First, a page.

Tuesday, March 22, 2011

Are you a Pet Parent or a Pet Owner?

Most people have heard the term ‘Pet Parent’.   Changes in social norms and trends in Hollywood are causing people to change the way they think about owning a pet.  Dogs are no longer just the animal that must work to earn its keep.  They worked their way into our hearts and became a four-legged member of the family.  I grew up around animals, and looking back at the younger years when my sister and I married our two shelties I now realize that I have always seen my pets as more than just an animal.  And while some people, like me, grew up treating their family pet like a child, others have come to appreciate the companionship of an animal later in life.  Not only do we enjoy their companionship but the simple fact that pets are easier to care for is just another reason why celebrities and normal people alike are replacing the idea of human children with four-legged children instead.  Between the therapeutic joy and unconditional love that animals offer (and humans sometimes lack) it comes as no surprise that we end up adopting an animal that becomes more to us than just another thing we own.
I am a self-proclaimed pet parent of three adorable pound puppies.  My fiancĂ©, on the other hand, is a self-proclaimed pet owner.  It’s not that he doesn’t love our dogs or consider them part of our family.  In fact, when we go on vacation he is the first to say he misses our 4 yr. old Dachshund/Terrier mix, Maui (Daddy’s little girl).  Regardless of this fact, he hates when I refer to him as their “dad”.  So what is the difference between a pet owner and a pet parent?  And how do you know which category you fall under?

5 Tell Tale Signs That You are a Pet Parent (and advice to keep you from going off the deep end)
     1. You refer to your pet as your child-  “That’s my baby boy, Spencer.  He’s 6 months and we just finished potty training!”  Does that sound a little familiar?  Calling your dog your ‘baby’ is the first sign of a pet parent.  Your dog is no longer just your garbage disposal or your running partner but more of an adopted child.  This frame of mind changes the way you treat your dog in every aspect.  From sleeping arrangements to meal plans to daycare, pet children get treated more like human children but with less discipline.  Just remember that our pet children need boundaries just as much as human children.  So, even though they give you those big puppy dog eyes while they eat your socks or they look adorable when they jump all over visitors, you must be the pack leader and give them boundaries or you may end up with some major behavioral issues.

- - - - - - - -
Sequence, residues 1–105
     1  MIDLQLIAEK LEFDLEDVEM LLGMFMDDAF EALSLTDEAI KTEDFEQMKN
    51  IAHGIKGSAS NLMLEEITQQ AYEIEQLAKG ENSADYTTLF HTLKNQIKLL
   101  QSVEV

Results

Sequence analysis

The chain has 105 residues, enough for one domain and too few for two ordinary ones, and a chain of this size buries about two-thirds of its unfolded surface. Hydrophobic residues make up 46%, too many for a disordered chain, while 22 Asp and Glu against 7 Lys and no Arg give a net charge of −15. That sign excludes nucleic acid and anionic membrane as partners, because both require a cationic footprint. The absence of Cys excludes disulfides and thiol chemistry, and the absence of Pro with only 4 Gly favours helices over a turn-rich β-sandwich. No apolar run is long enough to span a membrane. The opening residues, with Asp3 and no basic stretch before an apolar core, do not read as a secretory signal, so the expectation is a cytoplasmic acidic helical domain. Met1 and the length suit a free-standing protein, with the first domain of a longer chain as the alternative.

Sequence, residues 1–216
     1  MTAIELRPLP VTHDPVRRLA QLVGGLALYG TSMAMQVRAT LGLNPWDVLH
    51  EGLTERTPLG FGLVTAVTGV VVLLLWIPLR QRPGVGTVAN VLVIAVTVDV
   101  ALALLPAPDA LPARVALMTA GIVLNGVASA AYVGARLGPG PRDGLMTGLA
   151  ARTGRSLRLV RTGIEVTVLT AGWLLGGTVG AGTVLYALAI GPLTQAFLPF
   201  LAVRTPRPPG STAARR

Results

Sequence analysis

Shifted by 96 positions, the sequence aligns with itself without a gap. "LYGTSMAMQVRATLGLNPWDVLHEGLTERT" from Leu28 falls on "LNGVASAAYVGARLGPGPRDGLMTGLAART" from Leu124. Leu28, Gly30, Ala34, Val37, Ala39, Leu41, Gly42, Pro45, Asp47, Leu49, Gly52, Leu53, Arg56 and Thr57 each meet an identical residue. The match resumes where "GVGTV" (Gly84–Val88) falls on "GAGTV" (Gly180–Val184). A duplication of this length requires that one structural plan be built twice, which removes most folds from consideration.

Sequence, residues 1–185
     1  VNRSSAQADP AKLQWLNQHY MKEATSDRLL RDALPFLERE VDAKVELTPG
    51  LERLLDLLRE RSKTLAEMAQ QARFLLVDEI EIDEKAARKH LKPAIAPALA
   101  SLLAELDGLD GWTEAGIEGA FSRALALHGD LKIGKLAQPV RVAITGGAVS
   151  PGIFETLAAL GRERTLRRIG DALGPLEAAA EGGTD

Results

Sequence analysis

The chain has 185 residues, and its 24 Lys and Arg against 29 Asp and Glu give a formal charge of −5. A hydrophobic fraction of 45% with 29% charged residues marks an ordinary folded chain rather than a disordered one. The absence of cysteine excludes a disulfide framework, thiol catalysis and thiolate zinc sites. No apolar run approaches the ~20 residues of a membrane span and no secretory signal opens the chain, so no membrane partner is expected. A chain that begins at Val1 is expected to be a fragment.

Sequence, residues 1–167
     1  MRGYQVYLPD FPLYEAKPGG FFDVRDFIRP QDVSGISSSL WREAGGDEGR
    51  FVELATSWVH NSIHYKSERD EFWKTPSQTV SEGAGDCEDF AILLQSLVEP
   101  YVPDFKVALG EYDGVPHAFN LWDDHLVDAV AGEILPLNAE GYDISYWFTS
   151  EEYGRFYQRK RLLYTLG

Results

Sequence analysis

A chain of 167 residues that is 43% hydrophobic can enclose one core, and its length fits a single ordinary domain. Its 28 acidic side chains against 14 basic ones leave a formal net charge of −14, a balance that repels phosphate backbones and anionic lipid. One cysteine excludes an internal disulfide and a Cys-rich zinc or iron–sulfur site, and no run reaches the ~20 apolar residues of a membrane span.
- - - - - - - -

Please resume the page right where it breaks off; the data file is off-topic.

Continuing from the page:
2.   You dress your dog in the latest fashion-  “Isn’t Mini so cute in her new Juicy top and Tiffany necklace?”  Most, if not all, pet parents have put some form of clothing on their dog at some point in their life.  After all, the dog is no longer just a dog; she’s your baby, and like a baby, she should wear cute things.  Now I am guilty of dressing my dogs up on occasion (especially Halloween) but I am the first to admit that most dogs, including my own, absolutely hate wearing clothes.  Every Halloween I dress up my dogs and the springy, energetic Maui is either hiding or lying on the floor, like she is wearing kryptonite.  But, like most pet parents who can’t help themselves, I can’t resist how adorable they look in little outfits.  Despite this, I do my best to keep the cute shirts minimal because we all need to keep in mind that working to improve our dog’s life doesn’t mean keeping clothes on their back (no matter how cute they look).